§ 4. Sir W. BYLES
asked whether the hon. Member will give the House information as to the punitive expedition to the Naga Hills; will he say why the expedition was undertaken, when it occurred, and what were its results; whether groups of villages were first struck at and the Nagas subsequently harried by small compact detachments; whether 120 Nagas or more were killed: how many were wounded; and what was the number of casualties to the punitive force?
§ Mr. MONTAGU
The inhabitants of Chinlong, a village in unadministered territory between Assam and Burma, having treacherously murdered three British subjects, inhabitants of a village in administered territory who had visited Chinlong by invitation, the Deputy-Commissioner, Naga Hills, was dispatched in February with 150 military police, to exact reparation. His instructions were to make every endeavour to negotiate with the villagers before resorting to force. But his advance was strongly opposed, and on 5th February his transport was attacked and four police and nine coolies were killed, and five police and twenty-seven coolies wounded. Chinlong was occupied and destroyed by the Deputy-Commissioner, but his force not being strong enough to punish the group of villages concerned in organising the resistance the Secretary of State approved 1793 the dispatch of 200 Regulars and 240 military police for the purpose. Details have not yet been received, but the Government of India reported on 27th March that the purpose had been achieved and that the force was being withdrawn. The British casualties were four men wounded; the Naga casualties approximately 130.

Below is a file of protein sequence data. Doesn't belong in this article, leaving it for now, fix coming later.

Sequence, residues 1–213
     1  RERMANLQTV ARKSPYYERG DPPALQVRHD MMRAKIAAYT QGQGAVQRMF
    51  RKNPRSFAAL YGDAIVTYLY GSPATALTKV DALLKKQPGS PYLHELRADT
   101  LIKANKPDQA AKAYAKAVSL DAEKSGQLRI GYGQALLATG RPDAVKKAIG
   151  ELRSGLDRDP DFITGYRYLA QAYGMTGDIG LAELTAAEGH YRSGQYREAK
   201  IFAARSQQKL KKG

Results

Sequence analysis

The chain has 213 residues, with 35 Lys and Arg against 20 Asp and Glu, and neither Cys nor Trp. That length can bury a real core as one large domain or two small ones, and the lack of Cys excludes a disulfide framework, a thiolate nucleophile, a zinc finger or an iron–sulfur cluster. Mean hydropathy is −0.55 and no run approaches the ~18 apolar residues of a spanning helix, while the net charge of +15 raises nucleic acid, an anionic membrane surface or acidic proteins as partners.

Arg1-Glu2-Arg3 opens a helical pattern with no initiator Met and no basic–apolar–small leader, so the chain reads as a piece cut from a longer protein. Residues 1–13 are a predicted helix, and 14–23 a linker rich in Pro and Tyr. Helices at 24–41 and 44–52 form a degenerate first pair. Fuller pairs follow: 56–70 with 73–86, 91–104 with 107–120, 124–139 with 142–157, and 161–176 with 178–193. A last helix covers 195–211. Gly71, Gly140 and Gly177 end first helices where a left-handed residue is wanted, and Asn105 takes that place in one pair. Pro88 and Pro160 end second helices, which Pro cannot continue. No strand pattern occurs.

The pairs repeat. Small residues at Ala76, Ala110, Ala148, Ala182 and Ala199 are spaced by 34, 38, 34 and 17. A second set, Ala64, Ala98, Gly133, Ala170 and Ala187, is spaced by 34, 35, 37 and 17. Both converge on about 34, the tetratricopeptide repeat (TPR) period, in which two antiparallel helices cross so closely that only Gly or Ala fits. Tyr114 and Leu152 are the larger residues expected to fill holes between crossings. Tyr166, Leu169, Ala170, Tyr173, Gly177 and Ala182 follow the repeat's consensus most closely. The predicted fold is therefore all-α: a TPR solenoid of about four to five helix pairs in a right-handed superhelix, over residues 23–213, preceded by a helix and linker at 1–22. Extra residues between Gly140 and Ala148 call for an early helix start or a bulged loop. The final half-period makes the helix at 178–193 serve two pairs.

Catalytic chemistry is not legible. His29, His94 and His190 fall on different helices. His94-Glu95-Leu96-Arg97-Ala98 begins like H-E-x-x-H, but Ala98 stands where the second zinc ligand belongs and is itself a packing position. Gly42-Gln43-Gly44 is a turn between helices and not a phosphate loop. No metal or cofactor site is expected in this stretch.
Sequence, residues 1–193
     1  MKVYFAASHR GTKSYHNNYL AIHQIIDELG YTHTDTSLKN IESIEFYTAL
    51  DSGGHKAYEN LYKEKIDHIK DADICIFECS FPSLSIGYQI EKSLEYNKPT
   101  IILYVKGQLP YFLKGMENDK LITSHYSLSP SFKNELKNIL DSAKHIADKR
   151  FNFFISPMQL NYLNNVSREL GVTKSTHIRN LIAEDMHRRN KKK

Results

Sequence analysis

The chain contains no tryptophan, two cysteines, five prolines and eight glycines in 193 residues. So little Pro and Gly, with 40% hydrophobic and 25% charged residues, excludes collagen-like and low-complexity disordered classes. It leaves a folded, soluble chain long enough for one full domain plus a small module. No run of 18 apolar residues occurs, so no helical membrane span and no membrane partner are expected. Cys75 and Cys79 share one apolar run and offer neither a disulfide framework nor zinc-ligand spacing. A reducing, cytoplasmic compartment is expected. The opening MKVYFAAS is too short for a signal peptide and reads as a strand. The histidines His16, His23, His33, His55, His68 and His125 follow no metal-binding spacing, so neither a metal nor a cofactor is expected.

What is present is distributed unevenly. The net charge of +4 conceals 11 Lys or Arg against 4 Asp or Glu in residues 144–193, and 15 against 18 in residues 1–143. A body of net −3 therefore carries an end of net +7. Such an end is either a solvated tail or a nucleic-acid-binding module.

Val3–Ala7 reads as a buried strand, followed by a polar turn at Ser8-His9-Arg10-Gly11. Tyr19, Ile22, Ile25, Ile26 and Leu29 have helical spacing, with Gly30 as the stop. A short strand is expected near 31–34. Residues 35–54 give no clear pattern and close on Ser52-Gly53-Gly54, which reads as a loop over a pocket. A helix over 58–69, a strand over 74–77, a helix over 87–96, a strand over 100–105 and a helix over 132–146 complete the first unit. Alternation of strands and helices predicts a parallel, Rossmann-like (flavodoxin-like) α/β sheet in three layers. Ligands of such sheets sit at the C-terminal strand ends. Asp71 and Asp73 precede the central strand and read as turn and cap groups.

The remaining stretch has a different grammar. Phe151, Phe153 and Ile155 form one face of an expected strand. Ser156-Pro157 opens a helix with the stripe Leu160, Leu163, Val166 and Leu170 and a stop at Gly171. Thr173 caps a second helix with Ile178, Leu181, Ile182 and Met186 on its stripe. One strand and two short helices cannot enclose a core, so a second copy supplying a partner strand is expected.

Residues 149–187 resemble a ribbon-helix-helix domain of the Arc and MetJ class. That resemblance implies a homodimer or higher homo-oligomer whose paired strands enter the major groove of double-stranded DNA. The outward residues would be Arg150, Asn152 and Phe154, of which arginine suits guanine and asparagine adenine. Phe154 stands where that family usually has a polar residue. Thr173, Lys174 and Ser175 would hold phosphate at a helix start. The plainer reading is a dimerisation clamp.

§ Sir W. BYLES
Does the hon. Member not think that 120 of these natives having been killed is sufficient atonement for the slaughter of three of our visitors?
§ Mr. MONTAGU
I would ask my hon. Friend to consider carefully the facts as I have recited them, and then see whether he does not think the Government of India have taken the only course which was open to them.